What to Know:
At the funeral for Kataib Hezbollah commander Abu Baqer Al-Saeedi, who was killed last week during an American drone strike in Baghdad, Iraqi Popular Mobilization Force (PMU) chief of staff Abu Fadak Al-Mohammedawi vowed retaliation and to expel foreign forces from the country.
The statement comes as officials from the United States-led Coalition continue talks with Iraqi officials over the potential of withdrawal sometime in the future. Meanwhile, the Islamic Resistance in Iraq, an umbrella organization of Iran-backed Shia militias, has pledged to increase attacks against American forces.
Last Wednesday, Kataib Hezbollah commander Abu Baqer Al-Saeedi, along with other militia leadership, were killed when an American drone strike targeted their vehicle in Baghdad. According to the United States Central Command, Abu Baqer was “responsible for directly planning and participating in attacks on U.S. forces in the region.” The strike also came in apparent response to last month’s explosive drone attack against the T-22 outpost in Jordan, which left three American soldiers dead and dozens of others wounded.
?? Channel Alatajah: Interview with Popular Mobilization Forces (PMF) Chief of Staff Abu Fadak Al-Mohammedawi at Abu Baqir Al-Saadi’s funeral stating the only revenge is the withdrawal of foreign forces from Iraq. pic.twitter.com/WpmIseGanm
— Abdul Quadir – ????????? (@Northistan) February 12, 2024
At the funeral of Abu Baqer, Abu Fadak retaliation and to expel foreign forces from the country for the killing.
For some context, the PMU is an umbrella organization comprised of various armed factions and militias in Iraq, which was formed in 2014 to combat the growing threat from the Islamic State. While the PMU initially gained support for its role in fighting ISIS, the organization has since evolved into a significant political and military force within Iraq, having been recognized as a part of the Iraqi military in 2018. Many of the militias within the PMU have strong ties to Iran, both ideologically and logistically, who has also provided training, funding, and intelligence support mainly through the IRGC’s Quds Force. Several of the pro-Iranian Shia militias part of the PMU have previously waged an insurgency against American forces in the country during the Iraq War.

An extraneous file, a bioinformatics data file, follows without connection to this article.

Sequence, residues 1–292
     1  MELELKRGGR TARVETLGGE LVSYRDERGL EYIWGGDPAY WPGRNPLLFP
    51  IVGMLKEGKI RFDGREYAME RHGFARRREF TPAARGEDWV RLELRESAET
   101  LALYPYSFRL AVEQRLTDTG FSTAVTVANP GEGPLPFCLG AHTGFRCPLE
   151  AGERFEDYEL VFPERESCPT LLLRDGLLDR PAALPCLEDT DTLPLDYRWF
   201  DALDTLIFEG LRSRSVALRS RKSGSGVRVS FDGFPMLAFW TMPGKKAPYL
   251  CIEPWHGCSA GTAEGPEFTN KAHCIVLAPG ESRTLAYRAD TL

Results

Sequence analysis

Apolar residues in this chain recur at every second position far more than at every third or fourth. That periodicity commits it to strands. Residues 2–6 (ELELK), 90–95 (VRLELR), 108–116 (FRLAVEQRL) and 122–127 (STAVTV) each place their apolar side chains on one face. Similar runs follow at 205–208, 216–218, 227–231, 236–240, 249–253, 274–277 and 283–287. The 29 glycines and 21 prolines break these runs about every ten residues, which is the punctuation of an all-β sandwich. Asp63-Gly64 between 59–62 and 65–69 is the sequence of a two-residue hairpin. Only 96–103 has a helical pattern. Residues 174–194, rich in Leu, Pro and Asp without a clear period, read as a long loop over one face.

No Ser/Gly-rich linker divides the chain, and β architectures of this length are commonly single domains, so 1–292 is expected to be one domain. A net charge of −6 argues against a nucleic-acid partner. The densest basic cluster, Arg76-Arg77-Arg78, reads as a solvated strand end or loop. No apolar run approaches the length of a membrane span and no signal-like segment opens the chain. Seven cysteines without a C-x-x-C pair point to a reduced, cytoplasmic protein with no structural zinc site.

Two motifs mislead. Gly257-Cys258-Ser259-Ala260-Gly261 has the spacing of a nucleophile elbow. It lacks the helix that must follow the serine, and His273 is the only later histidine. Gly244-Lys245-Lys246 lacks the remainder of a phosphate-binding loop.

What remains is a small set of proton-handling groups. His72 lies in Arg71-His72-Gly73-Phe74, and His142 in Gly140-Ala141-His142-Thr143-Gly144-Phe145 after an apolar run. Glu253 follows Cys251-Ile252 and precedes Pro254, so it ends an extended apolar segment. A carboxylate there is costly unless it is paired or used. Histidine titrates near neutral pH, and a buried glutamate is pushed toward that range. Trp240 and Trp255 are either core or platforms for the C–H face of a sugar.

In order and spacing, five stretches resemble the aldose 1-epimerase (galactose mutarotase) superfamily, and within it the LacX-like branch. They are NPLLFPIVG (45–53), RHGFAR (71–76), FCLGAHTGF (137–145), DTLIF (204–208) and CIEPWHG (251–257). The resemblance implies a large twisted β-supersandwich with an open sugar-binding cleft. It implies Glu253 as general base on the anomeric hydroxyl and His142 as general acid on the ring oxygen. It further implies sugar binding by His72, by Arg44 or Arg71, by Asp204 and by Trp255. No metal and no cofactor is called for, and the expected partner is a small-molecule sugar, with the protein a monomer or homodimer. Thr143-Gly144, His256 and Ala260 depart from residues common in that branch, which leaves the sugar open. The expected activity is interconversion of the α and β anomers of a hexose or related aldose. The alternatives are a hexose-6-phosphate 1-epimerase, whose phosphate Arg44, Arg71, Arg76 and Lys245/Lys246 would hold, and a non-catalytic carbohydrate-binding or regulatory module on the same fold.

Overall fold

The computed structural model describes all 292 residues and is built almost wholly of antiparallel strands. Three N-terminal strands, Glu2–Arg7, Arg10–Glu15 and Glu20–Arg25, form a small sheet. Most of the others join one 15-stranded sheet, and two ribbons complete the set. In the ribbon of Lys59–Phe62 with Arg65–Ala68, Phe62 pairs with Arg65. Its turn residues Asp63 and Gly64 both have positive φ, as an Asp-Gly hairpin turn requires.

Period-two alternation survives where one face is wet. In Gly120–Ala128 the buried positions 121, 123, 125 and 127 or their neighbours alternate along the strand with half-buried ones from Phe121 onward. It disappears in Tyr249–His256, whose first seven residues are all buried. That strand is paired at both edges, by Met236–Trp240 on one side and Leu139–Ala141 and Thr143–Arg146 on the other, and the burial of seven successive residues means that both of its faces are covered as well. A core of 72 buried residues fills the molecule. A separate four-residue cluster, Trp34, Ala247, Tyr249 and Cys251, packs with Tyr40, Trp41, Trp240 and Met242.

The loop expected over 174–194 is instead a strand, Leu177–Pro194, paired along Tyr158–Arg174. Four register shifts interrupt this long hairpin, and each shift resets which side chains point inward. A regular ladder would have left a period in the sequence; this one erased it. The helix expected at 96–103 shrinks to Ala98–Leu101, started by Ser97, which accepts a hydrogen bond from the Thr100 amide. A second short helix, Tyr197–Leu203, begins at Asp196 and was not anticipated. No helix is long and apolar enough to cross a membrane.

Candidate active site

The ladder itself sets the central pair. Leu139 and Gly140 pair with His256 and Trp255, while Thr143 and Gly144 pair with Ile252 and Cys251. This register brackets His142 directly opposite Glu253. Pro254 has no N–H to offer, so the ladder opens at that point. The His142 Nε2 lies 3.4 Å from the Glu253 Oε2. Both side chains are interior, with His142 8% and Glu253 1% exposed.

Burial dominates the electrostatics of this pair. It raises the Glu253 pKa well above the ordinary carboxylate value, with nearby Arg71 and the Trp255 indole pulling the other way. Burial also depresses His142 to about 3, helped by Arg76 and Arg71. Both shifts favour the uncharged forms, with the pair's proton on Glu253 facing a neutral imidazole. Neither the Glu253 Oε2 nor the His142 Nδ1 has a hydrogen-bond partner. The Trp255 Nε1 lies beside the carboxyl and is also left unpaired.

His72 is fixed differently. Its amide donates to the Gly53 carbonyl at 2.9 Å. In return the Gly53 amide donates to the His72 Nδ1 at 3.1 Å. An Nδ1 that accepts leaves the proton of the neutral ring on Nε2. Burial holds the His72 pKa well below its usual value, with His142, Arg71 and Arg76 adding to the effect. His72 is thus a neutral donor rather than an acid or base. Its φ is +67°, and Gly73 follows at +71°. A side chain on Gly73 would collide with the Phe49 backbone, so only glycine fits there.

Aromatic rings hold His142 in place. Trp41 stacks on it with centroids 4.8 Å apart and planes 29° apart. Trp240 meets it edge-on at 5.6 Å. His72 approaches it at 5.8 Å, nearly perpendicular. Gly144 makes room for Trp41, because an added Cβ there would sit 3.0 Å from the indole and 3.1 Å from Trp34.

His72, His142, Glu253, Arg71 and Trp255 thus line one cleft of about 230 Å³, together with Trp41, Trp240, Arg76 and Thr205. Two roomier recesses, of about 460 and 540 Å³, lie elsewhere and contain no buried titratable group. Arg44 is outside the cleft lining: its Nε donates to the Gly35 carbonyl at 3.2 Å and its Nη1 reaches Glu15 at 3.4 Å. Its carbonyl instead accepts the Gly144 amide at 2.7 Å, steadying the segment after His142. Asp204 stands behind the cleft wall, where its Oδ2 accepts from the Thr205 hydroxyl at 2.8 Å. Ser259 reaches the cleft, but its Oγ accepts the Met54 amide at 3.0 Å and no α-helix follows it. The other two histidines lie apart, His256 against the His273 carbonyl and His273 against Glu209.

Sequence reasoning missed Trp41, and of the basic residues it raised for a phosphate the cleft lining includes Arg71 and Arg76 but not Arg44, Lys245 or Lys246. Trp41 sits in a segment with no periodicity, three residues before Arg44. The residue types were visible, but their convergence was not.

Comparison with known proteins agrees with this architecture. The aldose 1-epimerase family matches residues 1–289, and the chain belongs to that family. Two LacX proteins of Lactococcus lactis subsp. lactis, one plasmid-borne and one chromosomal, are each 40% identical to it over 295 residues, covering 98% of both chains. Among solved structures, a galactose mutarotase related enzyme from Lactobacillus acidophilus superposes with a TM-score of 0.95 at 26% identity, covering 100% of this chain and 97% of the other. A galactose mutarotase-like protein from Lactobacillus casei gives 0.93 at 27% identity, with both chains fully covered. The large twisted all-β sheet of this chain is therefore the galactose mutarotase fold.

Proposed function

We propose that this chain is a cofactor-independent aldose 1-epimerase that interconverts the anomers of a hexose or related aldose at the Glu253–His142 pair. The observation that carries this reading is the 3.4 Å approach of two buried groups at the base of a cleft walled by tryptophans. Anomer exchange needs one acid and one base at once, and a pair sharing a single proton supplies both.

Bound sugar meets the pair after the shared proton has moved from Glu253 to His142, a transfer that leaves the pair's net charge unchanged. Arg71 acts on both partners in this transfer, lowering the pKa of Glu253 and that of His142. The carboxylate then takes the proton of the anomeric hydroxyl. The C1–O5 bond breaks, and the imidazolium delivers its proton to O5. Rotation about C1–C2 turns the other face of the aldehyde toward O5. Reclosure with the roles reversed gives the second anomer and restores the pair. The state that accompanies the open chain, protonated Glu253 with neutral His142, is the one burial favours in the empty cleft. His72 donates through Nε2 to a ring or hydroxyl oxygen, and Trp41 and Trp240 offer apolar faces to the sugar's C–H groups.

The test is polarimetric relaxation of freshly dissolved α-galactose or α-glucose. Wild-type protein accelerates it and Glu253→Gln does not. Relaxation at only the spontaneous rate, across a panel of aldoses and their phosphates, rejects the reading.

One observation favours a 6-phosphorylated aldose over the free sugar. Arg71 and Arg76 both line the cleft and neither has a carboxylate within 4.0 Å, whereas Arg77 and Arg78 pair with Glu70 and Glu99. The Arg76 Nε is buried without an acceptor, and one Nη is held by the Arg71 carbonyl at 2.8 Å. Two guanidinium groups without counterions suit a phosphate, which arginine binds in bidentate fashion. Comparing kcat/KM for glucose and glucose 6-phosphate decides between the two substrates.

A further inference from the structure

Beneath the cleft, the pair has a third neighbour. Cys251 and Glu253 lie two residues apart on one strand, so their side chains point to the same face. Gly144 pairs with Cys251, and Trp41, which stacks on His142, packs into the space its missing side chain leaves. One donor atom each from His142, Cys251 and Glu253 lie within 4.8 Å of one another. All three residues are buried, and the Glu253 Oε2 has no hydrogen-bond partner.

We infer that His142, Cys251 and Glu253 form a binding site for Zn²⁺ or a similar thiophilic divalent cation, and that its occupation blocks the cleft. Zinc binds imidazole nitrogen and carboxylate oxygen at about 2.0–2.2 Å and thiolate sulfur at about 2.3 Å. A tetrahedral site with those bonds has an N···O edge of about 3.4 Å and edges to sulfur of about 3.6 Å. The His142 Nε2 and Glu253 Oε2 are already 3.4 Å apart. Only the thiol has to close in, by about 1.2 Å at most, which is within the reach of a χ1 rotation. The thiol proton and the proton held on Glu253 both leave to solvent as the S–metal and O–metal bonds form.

Before taking command of the PMU, Abu Fadak was the general secretary of Kataib Hezbollah.
Kataib Hezbollah was established in 2003 following the U.S.-led invasion of Iraq, where it gained a reputation for its attacks against Coalition forces in the country, especially IED attacks targeting convoys and patrols. Kataib Hezbollah joined the PMU in the fight against ISIS, where it was involved in the campaign to liberate Mosul.
NEW: Suspected US airstrike against a vehicle (SUV) in Baghdad, Iraq.
As per Iraqi sources, the airstrike targeted leaders of Kataeb Hezbollah, Abu Baqer Al-Saidi and Arkan Al-Aliyawi. pic.twitter.com/cMShOAV1Bj
— FJ (@Natsecjeff) February 7, 2024
Following the fall of ISIS, attacks continued against American forces. In December 2019, a Kataib Hezbollah rocket attack against the K-1 airbase in Kirkuk killed an American contractor, resulting in American strikes against Kataib Hezbollah targets in al-Qa’im. The strikes led to Kataib Hezbollah members, as well as other factions of the PMU, besieging the American Embassy in Baghdad. On January 3, Kataib Hezbollah leader Abu Mahdi al-Muhandis was killed alongside IRGC General Qassam Soleimani during an American drone strike at the Baghdad Airport.
The killing of al-Muhandis and Soleimani led to Kataib Hezbollah leaving the PMU to form the Islamic Resistance in Iraq, where it regularly carried out rocket attacks against American installations in Iraq since. Attacks picked up significantly in October 2023, which the Islamic Resistance said was in support of Hamas in its fight against Israel. To date, the Islamic Resistance has carried out over 150 attacks against American forces in Iraq and Syria. The attack against the T-22 outpost marked a significant escalation in the conflict, as it was the first to directly result in fatalities.
Why it Matters:
Iraq finds itself in a delicate political balancing act between its historical ties with Iran and its strategic partnership with the United States. Iran continues to hold significant influence and clout in Iraqi politics, largely driven by pro-Iranian Shia political parties and militia forces that are a fundamental part of Iraq’s security apparatus. While some aspects of Iraqi politics are striving for no foreign influence (either from the US or Iran), opposition to American military presence in the country has grown at a larger pace as it is viewed as infringing on Iraqi sovereignty.
With that being said, the main goal of these militia forces is to expel the United States from the country in an effort to usher in Iranian influence to fill in the void. They ultimately seek to assert control over Iraqi politics and security affairs while aligning with Iran’s interests in the country.
As stated, the PMU is a collection of fighting groups that are technically part of the Iraqi military. If more elements of the PMU decide to side with Kataib Hezbollah in its fight against the United States, it would severely degrade the security situation in country for American forces and likely add significant pressure on withdrawal talks. Likewise, it would also put pressure on the Iraqi government to either allow these attacks to happen or clamp down on militia activity, which would have its own political implications.